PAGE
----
This inspired me to one-up my colleague with an even tougher-guy approach: Take a historically stringent view and limit the planets to the five classical wanderers of the heavens, thus dramatically restoring Saturn to its rightful position as the slowest planet.

Bob Naeye over at Sky and Telescope has been blogging the planet debate as well. He caught an arithmetic error in the original version of yesterday’s post. In my haste to slap the post up on the blog, I used da/dt=.374 cm/yr rather than the correct value of da/dt=3.74 cm/yr in the timescale estimation.

A first estimate for the Moon’s promotion timescale can be made with the following logic. The Moon becomes a planet when the distance to the moon is such that the Earth-moon barycenter lies at the surface of the Earth. The barycenter of the orbit at that time will be defined by

tidal evolution eqn. 2

with Rm being the distance from the Earth to the Moon. The system mass ratio is

tidal evolution eqn. 1

According to the IAU draft resolution, the Moon will turn into a planet at the exact moment when the barycenter moves above the surface of the Earth, which is located at R=6.378e+8 cm. Assuming a circular orbit, the Moon thus needs to be at a=5.18e+10 cm, which means that the Moon needs to recede from its current orbital radius by da=1.34e+10 cm. At the current rate of da/dt=3.8 cm/yr, this would take 3.5 billion years, a timescale that is well within the life expectancy of the Earth in the face of possible destruction by the Red Giant Sun.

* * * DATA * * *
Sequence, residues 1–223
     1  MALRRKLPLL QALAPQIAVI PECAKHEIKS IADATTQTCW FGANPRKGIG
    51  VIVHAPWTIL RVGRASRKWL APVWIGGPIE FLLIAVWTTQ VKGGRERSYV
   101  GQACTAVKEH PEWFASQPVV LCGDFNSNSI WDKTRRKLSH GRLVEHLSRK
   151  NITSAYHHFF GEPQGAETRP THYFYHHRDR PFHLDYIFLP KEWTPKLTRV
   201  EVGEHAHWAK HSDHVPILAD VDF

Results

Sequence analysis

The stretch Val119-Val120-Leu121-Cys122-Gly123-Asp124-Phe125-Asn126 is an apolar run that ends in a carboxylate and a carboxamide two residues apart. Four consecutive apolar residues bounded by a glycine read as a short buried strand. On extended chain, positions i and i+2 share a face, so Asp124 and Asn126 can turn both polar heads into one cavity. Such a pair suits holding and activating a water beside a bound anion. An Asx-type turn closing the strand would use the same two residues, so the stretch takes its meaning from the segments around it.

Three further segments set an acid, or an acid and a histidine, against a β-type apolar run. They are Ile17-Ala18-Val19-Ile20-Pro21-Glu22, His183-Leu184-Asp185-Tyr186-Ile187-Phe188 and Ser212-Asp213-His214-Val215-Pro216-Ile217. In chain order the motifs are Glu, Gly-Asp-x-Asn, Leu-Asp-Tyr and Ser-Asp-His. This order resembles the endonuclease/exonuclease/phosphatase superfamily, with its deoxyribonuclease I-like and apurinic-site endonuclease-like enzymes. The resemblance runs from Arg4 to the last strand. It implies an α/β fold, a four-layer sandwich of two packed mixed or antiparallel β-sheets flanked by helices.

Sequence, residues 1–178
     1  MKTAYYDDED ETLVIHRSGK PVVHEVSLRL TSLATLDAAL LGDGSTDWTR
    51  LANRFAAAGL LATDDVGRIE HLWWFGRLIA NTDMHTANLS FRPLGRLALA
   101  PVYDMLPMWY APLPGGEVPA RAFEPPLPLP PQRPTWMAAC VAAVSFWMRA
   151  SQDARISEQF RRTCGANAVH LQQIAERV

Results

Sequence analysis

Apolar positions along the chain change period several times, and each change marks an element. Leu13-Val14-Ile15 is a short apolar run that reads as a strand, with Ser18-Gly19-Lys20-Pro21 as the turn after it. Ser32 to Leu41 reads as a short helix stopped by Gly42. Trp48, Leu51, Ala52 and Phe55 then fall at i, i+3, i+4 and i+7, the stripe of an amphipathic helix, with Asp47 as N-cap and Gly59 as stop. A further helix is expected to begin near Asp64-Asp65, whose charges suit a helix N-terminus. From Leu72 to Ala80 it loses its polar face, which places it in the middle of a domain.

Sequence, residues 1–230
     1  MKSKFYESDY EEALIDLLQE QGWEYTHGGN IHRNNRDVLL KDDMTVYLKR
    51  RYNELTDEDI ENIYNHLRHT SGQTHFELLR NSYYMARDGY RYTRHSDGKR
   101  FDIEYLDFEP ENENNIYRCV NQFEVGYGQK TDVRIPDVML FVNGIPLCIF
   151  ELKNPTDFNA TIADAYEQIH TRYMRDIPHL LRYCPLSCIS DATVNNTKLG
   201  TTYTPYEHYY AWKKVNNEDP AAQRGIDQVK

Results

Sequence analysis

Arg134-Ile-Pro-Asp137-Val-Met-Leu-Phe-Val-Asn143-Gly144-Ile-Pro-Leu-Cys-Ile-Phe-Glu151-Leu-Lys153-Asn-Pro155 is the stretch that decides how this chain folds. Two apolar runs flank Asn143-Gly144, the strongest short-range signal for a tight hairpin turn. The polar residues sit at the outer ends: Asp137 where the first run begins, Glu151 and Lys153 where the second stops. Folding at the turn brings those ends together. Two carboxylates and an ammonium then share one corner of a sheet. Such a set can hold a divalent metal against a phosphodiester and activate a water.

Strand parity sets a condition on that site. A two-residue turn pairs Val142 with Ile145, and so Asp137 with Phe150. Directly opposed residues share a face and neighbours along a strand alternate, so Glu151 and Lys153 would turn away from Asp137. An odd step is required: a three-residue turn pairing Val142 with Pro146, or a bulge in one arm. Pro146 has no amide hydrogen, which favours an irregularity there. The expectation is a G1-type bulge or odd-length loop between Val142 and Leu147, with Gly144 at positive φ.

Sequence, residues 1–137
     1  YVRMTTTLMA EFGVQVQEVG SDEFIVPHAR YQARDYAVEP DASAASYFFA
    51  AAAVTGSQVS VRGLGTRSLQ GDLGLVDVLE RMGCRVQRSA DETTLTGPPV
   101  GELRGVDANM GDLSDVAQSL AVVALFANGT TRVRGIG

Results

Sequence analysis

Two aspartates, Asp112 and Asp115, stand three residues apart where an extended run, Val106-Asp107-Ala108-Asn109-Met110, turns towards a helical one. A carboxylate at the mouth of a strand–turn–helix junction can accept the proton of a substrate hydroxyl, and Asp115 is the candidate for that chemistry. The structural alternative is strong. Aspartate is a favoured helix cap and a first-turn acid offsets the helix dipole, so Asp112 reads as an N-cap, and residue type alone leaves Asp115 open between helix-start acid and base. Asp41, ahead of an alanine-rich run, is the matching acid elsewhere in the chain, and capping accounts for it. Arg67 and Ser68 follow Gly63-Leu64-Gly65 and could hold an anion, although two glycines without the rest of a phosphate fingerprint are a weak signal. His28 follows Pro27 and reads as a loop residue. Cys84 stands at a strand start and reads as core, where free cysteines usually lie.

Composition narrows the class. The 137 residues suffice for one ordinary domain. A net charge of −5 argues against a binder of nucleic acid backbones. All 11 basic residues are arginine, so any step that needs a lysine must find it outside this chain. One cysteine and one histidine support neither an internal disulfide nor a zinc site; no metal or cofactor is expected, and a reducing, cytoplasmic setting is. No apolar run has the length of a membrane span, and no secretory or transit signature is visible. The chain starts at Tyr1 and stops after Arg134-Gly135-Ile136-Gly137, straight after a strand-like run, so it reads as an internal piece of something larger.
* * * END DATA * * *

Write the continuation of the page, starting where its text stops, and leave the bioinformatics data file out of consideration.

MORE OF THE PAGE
This is just a first approximation, however. In reality, the time will be considerably longer, both because the tidal force (and hence the dissipation) decreases as the moon goes outward, and because the current rate of tidal dissipation is near a geological maximum, most likely because the Earth’s oceans are presently in a near-resonant, highly tidally dissipative configuration.

Assuming a constant value of the tidal quality factor Q, the time interval T, required for a satellite to recede from an initial orbital radius a_i to an orbital radius a_0 is given by